Thursday, September 24, 2020
News, analysis and commentary by UBC Journalism students


New immigrants learn how to promote themselves in the labour market.

Well educated immigrants struggle to find good jobs

Tim Horton’s is an odd place for an anthropologist to find a job. But when Veronica Grigio arrived in Vancouver…

By Ursula Diaz , in Immigration , on October 29, 2009 Tags: , , , ,

Tim Horton’s is an odd place for an anthropologist to find a job. But when Veronica Grigio arrived in Vancouver just over a month ago, that was her best hope.

Grigio interviewed at clothing stores and for food service positions, but she didn’t mention the B.A. she completed in Rome in her resume. She thought employers wouldn’t call her back because she is overqualified for the job.

New immigrants learn how to promote themselves in the labour market.
New immigrants learn how to promote themselves in the labour market.

“You know you’re gonna struggle,” said Grigio. “You are leaving all your life behind, but if you are not really motivated you would never leave your country.”

Roughly 43,950 immigrants arrived last year in British Columbia, more than 50 percent of them with a professional degree from outside Canada. Yet, many of them struggle to find here work equal to the jobs they held back home.

Thirty-one percent of immigrants here with a university degree hold jobs with low skill levels, according to Statistics Canada. Skilled worker is the major immigration class in Vancouver, according to BC Stats.

If new immigrants are unprepared for searching a job, it will take from five to ten years to get the same level that they used to have in their countries, according to Derek February, an employment consultant at the Pro-Tech

Pro-Tech, like many other programs in Vancouver, is offering employment assistance to newcomers. They show people how the Canadian labour market works, how to submit references when applying for a job and help them develop interviewing skills.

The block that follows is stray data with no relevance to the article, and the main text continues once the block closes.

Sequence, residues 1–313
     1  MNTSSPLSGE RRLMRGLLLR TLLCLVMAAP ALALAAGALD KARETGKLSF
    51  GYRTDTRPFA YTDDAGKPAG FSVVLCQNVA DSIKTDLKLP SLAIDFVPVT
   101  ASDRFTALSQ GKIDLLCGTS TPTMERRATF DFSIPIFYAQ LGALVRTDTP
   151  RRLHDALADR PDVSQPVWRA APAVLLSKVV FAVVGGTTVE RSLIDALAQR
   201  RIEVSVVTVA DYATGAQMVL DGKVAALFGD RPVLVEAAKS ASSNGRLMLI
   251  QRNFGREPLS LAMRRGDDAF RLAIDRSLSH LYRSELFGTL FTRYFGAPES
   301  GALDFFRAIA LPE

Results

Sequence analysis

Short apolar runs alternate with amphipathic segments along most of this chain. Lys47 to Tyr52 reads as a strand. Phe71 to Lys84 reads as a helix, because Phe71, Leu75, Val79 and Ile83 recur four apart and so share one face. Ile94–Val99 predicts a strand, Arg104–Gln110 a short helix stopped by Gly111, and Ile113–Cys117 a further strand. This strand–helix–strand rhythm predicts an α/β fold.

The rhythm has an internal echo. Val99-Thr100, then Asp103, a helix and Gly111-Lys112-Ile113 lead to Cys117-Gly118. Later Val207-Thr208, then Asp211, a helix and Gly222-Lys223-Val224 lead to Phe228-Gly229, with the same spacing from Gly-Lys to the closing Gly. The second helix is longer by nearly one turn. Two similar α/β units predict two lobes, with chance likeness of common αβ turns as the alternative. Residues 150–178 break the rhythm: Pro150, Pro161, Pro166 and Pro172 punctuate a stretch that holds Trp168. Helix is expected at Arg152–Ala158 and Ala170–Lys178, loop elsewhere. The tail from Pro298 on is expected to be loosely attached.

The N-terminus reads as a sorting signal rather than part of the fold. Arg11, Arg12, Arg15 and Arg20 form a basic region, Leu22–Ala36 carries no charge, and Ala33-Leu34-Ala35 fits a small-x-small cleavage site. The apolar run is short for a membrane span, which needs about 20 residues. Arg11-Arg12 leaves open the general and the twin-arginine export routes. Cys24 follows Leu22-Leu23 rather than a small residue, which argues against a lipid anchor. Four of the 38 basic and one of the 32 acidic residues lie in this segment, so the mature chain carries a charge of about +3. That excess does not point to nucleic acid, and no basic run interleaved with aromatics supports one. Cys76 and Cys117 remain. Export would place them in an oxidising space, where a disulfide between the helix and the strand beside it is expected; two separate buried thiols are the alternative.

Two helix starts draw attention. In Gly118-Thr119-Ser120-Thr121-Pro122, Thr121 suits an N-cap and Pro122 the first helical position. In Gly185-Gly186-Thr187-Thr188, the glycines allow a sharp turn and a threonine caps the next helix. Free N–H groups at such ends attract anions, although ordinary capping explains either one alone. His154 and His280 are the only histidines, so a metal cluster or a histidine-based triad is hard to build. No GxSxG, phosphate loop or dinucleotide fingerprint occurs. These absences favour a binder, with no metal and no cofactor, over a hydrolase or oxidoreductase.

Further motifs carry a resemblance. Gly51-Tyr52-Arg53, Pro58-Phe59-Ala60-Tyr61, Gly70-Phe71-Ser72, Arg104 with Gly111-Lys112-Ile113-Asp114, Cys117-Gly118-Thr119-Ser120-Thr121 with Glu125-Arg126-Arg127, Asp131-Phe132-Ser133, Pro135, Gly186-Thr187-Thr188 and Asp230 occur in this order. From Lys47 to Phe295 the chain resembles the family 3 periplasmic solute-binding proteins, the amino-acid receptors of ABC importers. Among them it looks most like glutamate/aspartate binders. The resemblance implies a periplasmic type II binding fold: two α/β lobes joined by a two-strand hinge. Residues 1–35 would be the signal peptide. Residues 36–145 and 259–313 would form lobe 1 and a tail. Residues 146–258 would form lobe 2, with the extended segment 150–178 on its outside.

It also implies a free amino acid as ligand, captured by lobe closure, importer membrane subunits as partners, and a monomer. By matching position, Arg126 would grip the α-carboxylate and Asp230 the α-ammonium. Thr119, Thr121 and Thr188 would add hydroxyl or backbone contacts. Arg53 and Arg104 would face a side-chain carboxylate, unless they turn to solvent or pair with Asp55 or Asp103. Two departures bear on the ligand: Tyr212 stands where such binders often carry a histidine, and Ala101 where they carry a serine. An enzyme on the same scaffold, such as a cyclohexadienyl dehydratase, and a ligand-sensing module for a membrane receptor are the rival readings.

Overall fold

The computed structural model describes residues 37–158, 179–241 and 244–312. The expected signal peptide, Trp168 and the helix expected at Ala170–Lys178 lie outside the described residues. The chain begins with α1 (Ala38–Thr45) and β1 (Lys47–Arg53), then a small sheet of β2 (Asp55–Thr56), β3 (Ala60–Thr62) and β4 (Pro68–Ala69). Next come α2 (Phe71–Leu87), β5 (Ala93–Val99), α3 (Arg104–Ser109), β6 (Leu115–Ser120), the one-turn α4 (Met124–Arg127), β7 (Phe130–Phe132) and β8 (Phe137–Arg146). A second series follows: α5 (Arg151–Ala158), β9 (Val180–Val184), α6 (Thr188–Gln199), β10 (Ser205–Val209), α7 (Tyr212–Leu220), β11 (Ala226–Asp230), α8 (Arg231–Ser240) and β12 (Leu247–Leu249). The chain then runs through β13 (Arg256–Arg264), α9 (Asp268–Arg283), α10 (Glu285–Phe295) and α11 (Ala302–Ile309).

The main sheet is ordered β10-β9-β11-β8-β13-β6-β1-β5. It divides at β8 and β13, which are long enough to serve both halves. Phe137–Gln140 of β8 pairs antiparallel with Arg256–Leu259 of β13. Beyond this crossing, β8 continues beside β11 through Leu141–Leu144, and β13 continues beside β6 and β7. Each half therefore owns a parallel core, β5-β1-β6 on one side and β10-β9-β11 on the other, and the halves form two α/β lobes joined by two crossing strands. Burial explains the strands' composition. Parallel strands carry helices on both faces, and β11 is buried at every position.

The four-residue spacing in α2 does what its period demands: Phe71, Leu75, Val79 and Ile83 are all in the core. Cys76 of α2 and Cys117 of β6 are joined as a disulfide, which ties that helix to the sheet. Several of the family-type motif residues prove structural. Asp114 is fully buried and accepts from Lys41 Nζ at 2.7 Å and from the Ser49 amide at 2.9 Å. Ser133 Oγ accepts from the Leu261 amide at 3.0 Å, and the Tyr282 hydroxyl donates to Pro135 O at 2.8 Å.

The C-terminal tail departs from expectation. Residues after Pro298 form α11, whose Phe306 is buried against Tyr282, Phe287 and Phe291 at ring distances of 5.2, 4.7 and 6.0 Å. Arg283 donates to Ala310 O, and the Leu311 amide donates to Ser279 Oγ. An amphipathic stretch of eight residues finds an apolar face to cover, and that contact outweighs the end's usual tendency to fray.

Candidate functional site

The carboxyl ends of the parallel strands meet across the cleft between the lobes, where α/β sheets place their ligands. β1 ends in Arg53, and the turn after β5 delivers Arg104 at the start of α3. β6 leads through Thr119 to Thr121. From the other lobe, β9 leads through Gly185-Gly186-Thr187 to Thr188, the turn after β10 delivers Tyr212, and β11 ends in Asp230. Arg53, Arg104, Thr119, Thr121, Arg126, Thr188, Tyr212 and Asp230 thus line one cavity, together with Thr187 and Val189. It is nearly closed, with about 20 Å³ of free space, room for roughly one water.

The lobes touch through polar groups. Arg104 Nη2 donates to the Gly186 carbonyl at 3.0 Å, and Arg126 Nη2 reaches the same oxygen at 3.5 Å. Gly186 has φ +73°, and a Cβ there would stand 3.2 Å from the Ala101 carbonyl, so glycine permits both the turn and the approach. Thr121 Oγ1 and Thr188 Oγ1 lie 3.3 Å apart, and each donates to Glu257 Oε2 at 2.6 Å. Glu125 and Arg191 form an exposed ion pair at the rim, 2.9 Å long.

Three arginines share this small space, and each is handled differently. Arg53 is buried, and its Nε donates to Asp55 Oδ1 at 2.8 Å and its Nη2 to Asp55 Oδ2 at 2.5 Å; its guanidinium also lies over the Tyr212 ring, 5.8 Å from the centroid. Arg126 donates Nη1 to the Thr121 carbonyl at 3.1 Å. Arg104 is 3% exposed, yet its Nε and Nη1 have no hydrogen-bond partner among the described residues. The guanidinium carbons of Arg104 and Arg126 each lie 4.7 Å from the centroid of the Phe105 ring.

William Li was a sales consultant in New Zealand, where he earned a Master’s degree in management. He also worked in China. After waiting for three years, he received his Canadian work permit.

When Li arrived here three months ago, he didn’t feel confident about his resume and cover letter. He decided to attend a job search program before he started looking for a job.

“I learned how to make a Canadian-style resume,” he said.

Bureaucratic challenges

Employers may not recognize the education of the immigrants because they don’t know how to interpret international credentials. Some corporations require that their employees have some Canadian work experience.

Rose Li (not related to William Li) is a piping engineer. She arrived in Vancouver nine years ago with 14 years of professional experience in China. Her lack of Canadian experience and a poor command of English kept her from landing the job that she wanted. Instead, she got job as a drafter.

“Drafting is not related to my degree, but it was better than my previous job at The Salvation Army,” Li said.

She worked as a drafter for 7 years. Three months ago, the company where she used to work laid her off. She is not willing to take menial works. She said that her engineering knowledge should be enough to get a good job.

Rose Li said that her achievements from China are not being recognized here in Canada. She is thinking about taking courses to update her skills but she said she cannot wait for a long time to get a new job.

Survival jobs

William Li moved to Vancouver with his wife and two kids and took a part-time job as part of the security staff for the Olympic Games. He considers it only temporary work.

“I have to be realistic,” Li said. “I cannot wait for the perfect job. I´ve got to be flexible, and I have to pay the bills… I will take some other jobs as long as I can keep looking for a professional job.”

As a trained anthropologist, Veronica Grigio didn’t get any of those menial jobs. She said that she couldn’t really be enthusiastic during the interviews. She admitted to feeling better without those jobs.